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Dear Ellen, Page 077

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Identifier Dear_Ellen
Title Dear Ellen: Two Mormon Women and Their Letters
Creator Ellsworth, S. George
Subject Clawson, Ellen Spencer, 1832-1896; McGary, Ellen Pratt, 1832-1895
Subject Local Letters; Mormon Pioneers; Mormon History
Description The text of personal letters between Ellen Spencer Clawson and Ellen Pratt McGary written in 1856 through 1857. Publication of these letters also in "Western Humanities Review", volume 13, Spring 1959.
Publisher Tanner Trust Fund University of Utah Library, Salt Lake City, Utah.
Contributors Series Editors: Cooley, Everett L.; Madsen, Brigham D.; Tyler, S. Lyman; Ward, Margery W.
Date 1974
Type Text
Format image/png
Source "Dear Ellen: two mormon women and their letters"
Language eng
Relation Is part of: Utah, The Mormons, and the West, no. 3
Coverage 1832-1896
Rights Management University of Utah, Copyright 2001
Holding Institution University of Utah, J. Willard Marriott Library
Source Physical Dimensions 14.5 cm x 22.75 cm
Source Characteristics Printed Hard Cover Book
Light Source Epson 860XL cold cathode tube
Scanning Device Epson 860XL flatbed scanner
Resolution 400dpi
Bit Depth 8 bit greyscale
Scanning Technician Clifton Brooks
Metadata Cataloger Jeff Jonsson; Jan Robertson
Call Number BX 8695 C29 E44
ARK ark:/87278/s6p84b4x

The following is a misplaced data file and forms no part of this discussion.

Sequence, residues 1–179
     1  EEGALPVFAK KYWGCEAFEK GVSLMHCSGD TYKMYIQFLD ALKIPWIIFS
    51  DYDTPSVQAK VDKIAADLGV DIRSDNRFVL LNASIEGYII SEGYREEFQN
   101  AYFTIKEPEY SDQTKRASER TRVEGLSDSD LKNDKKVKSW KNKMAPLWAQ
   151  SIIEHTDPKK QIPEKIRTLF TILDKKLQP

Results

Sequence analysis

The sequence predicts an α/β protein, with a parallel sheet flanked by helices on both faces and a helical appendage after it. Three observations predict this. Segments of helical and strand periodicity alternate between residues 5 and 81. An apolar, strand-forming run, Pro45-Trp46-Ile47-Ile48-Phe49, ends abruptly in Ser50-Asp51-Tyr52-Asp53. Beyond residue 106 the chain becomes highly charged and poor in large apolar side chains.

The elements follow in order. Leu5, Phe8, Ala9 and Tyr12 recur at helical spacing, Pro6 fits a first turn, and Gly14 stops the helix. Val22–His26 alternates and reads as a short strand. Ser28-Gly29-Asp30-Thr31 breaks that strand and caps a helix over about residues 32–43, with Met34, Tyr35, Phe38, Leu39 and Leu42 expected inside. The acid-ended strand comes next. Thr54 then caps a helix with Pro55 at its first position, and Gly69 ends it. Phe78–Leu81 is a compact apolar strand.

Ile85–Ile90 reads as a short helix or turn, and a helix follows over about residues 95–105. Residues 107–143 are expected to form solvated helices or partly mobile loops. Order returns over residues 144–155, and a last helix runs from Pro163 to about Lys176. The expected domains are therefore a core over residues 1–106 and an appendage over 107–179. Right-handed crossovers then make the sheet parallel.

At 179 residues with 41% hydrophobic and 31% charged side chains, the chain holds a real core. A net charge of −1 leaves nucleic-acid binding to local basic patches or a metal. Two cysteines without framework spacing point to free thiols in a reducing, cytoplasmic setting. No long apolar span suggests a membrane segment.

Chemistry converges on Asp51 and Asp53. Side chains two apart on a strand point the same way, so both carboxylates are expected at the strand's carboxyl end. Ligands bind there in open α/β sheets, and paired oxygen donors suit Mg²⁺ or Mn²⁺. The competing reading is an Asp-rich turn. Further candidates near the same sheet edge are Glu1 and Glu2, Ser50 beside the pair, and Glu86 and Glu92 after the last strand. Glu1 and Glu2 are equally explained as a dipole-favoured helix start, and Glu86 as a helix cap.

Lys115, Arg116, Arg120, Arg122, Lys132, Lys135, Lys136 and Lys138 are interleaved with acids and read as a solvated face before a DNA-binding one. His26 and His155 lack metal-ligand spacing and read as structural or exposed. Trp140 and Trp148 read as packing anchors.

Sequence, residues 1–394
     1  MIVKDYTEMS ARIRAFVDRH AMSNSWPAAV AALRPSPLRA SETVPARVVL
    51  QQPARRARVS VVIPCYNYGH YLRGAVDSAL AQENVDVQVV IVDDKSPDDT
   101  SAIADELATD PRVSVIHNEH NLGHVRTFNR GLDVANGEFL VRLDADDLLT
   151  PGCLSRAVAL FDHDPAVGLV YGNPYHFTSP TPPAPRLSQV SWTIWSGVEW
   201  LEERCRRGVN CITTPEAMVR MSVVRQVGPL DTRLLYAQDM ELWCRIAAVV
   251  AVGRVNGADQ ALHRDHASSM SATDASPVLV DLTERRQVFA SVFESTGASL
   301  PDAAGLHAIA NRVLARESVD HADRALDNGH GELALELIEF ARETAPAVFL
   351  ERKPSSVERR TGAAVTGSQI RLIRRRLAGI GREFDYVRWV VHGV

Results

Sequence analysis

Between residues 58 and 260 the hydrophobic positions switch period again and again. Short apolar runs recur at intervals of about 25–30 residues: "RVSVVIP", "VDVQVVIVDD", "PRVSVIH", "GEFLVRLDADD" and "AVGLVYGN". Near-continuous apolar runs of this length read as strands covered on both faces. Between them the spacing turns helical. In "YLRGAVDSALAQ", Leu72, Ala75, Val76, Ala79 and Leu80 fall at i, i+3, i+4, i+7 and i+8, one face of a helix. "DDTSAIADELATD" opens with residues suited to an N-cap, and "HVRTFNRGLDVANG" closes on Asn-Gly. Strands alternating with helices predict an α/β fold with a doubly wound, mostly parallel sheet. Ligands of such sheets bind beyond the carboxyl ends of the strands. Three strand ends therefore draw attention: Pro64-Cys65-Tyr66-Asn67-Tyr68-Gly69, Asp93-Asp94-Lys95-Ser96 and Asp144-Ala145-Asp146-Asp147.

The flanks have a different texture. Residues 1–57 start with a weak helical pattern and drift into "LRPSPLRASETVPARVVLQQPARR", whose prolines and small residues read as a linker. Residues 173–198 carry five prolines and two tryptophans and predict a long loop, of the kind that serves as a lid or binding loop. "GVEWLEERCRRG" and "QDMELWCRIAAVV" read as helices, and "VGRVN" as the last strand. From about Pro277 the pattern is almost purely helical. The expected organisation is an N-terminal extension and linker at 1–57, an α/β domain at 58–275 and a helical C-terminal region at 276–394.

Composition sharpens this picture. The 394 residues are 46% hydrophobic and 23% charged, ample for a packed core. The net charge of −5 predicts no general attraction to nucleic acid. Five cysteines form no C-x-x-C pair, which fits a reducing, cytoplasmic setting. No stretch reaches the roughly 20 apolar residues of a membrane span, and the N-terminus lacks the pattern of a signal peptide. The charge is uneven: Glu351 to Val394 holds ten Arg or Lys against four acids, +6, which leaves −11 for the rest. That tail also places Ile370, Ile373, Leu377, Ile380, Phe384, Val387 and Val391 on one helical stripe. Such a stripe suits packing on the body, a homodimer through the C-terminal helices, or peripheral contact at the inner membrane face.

Topic Mormon pioneers; Letters
Setname uum_ttb
Date Created 2006-10-04
Date Modified 2011-04-07
ID 329271
Reference URL https://collections.lib.utah.edu/ark:/87278/s6p84b4x

Page Metadata

Identifier Page 077.gif
Title Dear Ellen, Page 077
Description The Romance, and the Realities Washington over difficulties between the Mormon people and the United States government. He saw the solution to the problems and was one of the leading figures in effecting the patterns of accommodation that led to the granting of statehood to Utah in January 1896. That summer Ellen died. She had been ill for three years, but had recovered from each sick spell, and family and friends hoped for a similar recovery when she suffered severe pains Sunday morning, August 23, 1896. But her strength was insufficient to rally her and she died just past midnight, Monday, August 24, 1896. Aged sixty-three, she was survived by nine children. Her good friend Emmeline B. Wells characterized her as "one of the most patient, gentle and self-sacrificing women, lovable in every respect ... a wise and exemplary mother . . . one of the most generous, tender and solicitous" mothers. "Her gentleness and her touching simplicity of manners and of language won all hearts." Others remarked of "her sterling integrity," and of her "private and public benevolence." Through letters, poems, and diaries we have shared the rich and varied experiences of two women, close friends, so much alike yet so different, whose lives spanned the great movements of Mormon and Utah history from the foundations of Nauvoo through the pioneer period to the coming of statehood. One lived in the center of affairs of great moment throughout her years, in comfort and high position, sharing a prominent husband with three other wives. The other lived on the frontiers of pioneer settlement, knowing all the physical hardships, lacking at times a home of her own and sometimes a husband, and appreciating any small comforts. Each was devoted to family, friends, and church, and each strove in her own way to realize "those bright young hopes," "the fairy castles built in air" when the world was young and the "realities" of life were yet to come. 77
Format image/png
Source Dear Ellen, two Mormon Women, and Their Letters
Setname uum_ttb
Date Created 2005-04-14
Date Modified 2005-04-14
ID 329133
Reference URL https://collections.lib.utah.edu/ark:/87278/s6p84b4x/329133